The New Anti-Choice Rhetoric

Feminists for Life and the Rhetoric of Choice

The New Anti-Choice Rhetoric

The FFL Ad Campaigns

College Outreach Program

     

   

     

      

Click on images to see full size PDF versions.

Presently, Feminists for Life’s main focus is spreading their message across college campuses.  After all, according to statistics from the Alan Guttmacher Institute’s May 2010 report, women between age 18 and 24 procure 44% of all abortions in America. 

Simple and cost effective, flyers are one of the most powerful ways to reach a college community and generate interest (or controversy) in a cause.  If groups are effective, flyers can be put up in prominate spots across campus including unions, dorms, academic buildings, and even bathrooms to make sure that everyone on campus sees them.  Thus within the span of just a few days, thousands will have heard any given group’s message. 

But flyering has its own set of particular challenges.  A flyer is often one among many on a bulletin board, and other upcoming events will quickly cover it.  Moreover, bulletin boards are often located in places where students walk past on their way to other areas, and though some may pause to read a flyers information, the flyer has only the briefest of seconds to grab the viewer’s attention and hold it  long enough so that the viewer will read some of their message. 

This is probably the mindset behind the minimalist strategy in the flyers that make up the College Outreach Campaign designed by Feminists for Life.  Though each flyer has a different pro-life message, common stylistic themes run throughout.  Each features a bold black background that frames a single black and white picture (which is also an issue of common sense practicality for college students who can’t afford or have access to color printing).  These pictures act as a way to highlight the question or provocative statement, likewise set against the black background, that seeks to re-frame the abortion debate, as FFL describes it, “putting a face on choice.”

Rebecca Kiessling’sflyer, “Did I deserve the death penalty?” brings a number of controversial issues all together on one page.  The picture of Rebecca, a pretty woman with blond hair eyes, placidly looking at her audience, utilizes the power of understatement to create a sharp juxtaposition to the question posed.   The death penalty is an issue that draws heated emotions on both sides, and plays on an argument frequently thrown against the pro-life community.  The question draws then one in, and one is curious, what could such a nice looking girl have done to have been convicted of such a terrible sentence?  When one leans in closer, one learns that Rebecca was conceived in rape.  She tells her viewer: “My ‘crime’ was being conceived through rape.  So the next time you hear people talking about ‘exceptions’ to abortion for rape and incest, think of me. My name is Rebecca. I am that exception.”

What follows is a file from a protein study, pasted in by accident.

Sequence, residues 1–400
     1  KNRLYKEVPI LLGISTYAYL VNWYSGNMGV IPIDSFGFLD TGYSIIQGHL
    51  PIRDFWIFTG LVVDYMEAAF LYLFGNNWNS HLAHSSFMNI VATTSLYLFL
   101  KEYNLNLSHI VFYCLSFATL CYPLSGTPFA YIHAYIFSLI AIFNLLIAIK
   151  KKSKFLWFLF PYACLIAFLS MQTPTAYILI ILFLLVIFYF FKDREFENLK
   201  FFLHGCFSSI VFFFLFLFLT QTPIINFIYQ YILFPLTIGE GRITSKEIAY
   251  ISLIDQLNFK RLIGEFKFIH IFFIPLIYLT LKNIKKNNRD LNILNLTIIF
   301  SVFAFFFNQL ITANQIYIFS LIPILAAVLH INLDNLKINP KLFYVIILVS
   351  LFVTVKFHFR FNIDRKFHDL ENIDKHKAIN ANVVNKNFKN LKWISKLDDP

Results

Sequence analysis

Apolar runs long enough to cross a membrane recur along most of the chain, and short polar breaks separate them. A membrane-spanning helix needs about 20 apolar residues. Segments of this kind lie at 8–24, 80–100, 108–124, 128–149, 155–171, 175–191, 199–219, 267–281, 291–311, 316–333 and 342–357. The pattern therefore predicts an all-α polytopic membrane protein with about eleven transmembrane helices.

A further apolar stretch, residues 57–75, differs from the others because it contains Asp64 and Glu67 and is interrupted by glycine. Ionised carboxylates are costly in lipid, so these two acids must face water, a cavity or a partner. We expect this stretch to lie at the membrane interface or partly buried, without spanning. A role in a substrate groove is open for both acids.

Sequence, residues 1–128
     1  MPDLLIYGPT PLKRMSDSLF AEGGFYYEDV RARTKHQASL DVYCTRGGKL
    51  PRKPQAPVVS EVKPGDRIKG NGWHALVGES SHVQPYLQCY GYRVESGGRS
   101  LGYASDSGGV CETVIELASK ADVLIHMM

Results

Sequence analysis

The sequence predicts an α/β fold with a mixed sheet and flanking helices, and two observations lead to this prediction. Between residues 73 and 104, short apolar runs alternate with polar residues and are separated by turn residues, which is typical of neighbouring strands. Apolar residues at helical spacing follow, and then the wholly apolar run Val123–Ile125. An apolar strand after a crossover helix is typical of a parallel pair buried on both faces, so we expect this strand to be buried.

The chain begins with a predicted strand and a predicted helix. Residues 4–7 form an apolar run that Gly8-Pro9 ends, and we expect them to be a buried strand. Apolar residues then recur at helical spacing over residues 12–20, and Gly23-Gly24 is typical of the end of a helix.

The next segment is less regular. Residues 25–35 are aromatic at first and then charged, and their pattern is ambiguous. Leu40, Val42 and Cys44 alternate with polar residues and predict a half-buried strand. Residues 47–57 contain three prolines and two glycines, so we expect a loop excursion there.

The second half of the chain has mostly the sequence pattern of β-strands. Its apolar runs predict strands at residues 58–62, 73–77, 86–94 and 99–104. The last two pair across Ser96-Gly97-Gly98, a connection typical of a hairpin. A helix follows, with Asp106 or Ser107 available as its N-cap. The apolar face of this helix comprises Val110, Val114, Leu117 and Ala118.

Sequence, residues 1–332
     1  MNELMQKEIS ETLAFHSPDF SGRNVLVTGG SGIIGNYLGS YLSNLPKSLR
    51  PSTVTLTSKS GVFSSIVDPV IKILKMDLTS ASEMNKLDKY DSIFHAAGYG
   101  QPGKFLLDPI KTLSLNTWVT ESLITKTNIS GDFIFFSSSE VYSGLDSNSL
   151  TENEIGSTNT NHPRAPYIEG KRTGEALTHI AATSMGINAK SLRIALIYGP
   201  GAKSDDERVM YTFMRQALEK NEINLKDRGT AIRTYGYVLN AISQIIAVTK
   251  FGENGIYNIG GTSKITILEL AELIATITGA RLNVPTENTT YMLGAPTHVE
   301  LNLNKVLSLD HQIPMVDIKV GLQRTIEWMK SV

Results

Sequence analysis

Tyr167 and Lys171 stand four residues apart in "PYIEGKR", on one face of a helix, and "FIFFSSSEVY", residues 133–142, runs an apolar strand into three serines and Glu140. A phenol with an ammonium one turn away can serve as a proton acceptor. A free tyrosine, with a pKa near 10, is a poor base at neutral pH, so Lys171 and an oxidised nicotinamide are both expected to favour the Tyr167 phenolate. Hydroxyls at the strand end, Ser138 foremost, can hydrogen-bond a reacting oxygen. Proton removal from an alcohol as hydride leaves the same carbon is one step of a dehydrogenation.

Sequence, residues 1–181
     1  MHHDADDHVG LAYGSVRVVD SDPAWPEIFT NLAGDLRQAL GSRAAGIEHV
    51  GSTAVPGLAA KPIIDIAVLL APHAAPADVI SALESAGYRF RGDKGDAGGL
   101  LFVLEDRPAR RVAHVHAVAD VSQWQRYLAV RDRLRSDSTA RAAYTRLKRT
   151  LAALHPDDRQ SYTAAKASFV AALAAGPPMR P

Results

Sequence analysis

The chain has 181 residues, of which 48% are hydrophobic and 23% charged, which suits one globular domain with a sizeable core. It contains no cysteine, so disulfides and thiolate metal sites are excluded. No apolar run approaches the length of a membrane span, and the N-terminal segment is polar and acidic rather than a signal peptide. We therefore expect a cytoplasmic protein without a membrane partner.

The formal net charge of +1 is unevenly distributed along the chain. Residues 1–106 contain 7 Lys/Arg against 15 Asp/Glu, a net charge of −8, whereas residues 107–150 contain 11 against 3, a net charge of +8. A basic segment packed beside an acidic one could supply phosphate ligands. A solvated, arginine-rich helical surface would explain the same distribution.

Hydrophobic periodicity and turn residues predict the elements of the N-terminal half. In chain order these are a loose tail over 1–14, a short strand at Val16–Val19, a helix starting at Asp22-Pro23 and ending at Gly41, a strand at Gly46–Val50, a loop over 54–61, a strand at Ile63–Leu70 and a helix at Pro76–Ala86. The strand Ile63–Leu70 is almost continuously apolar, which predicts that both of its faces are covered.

Likewise, the following two flyers seek to add a layer of humanity to the fetus.  Few can resist adorable pictures of babies, and FFL takes advantage of cuteness here.  They also emphasise humanity in the flyer “Would You Say That to My Face?”  in which a strong black man in a wheelchair gives a voice to those with “gross fetal abnormalities.”  

These efforts to humanize certainly have weight, however, they leave much left unsaid that pro-choice proponents would find especially important.   After all, no one would disagree that it would be a crime to kill Rebecca, the babies, and the black man now, however, people vehemently disagree about the personhood of the fetus.  Whether it is a person, or whether it just has the potential to become a person.  FFL makes the assumption for its audience that the fetus is a person without fully engaging in the debate.   Some also might say that by leaving out this distinction, the ads become manipulative.  Additionally, the flyers don’t say who would execute Rebecca or make babies the enemy, but the implications created lean towards a more tragic frame that vilifies the opponents. 

Their usual comic approach, though, with their appeal to helping and empowering women is seen in the rest of their flyers.  Using images of beautiful girls from numerous ethnic backgrounds, they speak to a number of different issues.  Some question the meaning of choice and the lack of support for pregnant women, a la Foster’s “Case Against Abortion.”  Others speak out to girls who have had abortions and may feel isolated and hurt; they establish that they do not wish to blame, but rather to help. Another offers inspiration to current anti-abortion advocates and contradicts a prevalent idea that anti-abortion advocates are all old white men by showing a group of young women rallying in opposition to abortion.  The Susan B. Anthoy ad uses a sarcastic sense of humor to identify the group with the original founders and heroes of 1st Wave Feminism and refutes the myth that feminists can’t be “anti-choice.” 

Ultimately, the effectiveness of these flyers cannot be known (though, one can find an interesting account of The University of Victoria’s reaction here and here),  but as long as they remain readily available for download on the website, one can be assured that anti-abortion groups will be hanging them on campuses throughout America.

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